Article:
Jericho City of Praise in court battle over control
Sunday, November 7, 2010
Almost a month after the death of Apostle Betty Peebles, church leaders at Jericho City of Praise in Landover are embroiled in a court battle over control of the more-than-15,000-member congregation and millions of dollars in assets.
At the center of the feud is Elder Joel R. Peebles, assistant pastor of Jericho and Betty Peebles's son. Four days after his mother's death, he was in a Prince George's County Court facing the attorney for the church's six-member governing board.
Last year, the church opened Jericho Residences, a $52 million independent-living facility for seniors. The church also owns a $9 million office park, a $36 million sanctuary and more than 125 acres, including several parking lots leased to the Washington Redskins during home games.
Betty Peebles died of cancer Oct. 12, and Joel Peebles has since led the church. Isaac H. Marks, attorney for Jericho Baptist Church Ministries, said Betty Peebles wanted her son to preach at the church - not run it entirely.
"He has asserted that the control of the church is essentially his birthright, but it is not," Marks said during a recent hearing before Prince George's Circuit Court Judge Nicholas E. Rattal. The judge denied a temporary restraining order against Joel Peebles and instead ordered that the case be heard in the spring. But Rattal described the church's plight as "a train running down the track and over a cliff if someone doesn't make a decision."
Joel Peebles said in a brief interview, "My mission is to walk in love and to lead the Jericho City of Praise." He referred questions to the church's associate minister and lawyer, Bobby Henry, who said that Betty Peebles "wanted her son to lead the ministry."
The complaint has split Betty Peebles' top advisers. In addition to Joel Peebles, William Meadows, the original chairman of the trustee board, and other longtime aides are listed as defendants.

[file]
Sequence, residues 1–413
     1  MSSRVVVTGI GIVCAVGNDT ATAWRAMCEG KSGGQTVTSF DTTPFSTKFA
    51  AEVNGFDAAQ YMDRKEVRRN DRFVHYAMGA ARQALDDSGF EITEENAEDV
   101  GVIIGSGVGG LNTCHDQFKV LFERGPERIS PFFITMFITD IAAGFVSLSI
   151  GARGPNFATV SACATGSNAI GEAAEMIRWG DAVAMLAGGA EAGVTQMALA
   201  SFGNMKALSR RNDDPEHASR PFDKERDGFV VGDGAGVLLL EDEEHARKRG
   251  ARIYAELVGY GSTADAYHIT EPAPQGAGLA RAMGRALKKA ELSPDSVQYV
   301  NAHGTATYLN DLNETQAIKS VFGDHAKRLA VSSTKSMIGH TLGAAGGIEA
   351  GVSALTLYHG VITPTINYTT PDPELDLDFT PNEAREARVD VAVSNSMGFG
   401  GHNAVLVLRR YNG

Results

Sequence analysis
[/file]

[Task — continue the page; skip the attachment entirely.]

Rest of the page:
When Betty Peebles got sick, Henry said, board members made moves to seize control. He said that in the past decade, Joel Peebles has presided over "90 to 95 percent" of funerals and played an integral leadership role.
Marks had a slightly different take. "He preaches at services, he counsels, he teaches a class," Marks said, "but he doesn't manage the church, he doesn't handle the finances. There is no corporate document that shows he is a trustee."
Betty Peebles was the chief executive officer and chairman of Jericho's board of trustees, and at one time her son was a member of the board.
But Marks said she removed Joel Peebles from being in charge of the church's school, Jericho Christian Academy, after it ran into financial problems.
Peebles denied that, saying, "I never handle the finances of the school." And Henry added that Betty Peebles had been the school's "administrator and chief financial officer."
During last month's court hearing, Henry said that in her final months, Peebles's mental sharpness began to waver. Her final weeks were spent on life support.
A pretrial hearing on who should run the church is set for March. In the meantime, leaders on both sides of the case continue to work together and express hope that their issues can be resolved before the matter goes to court.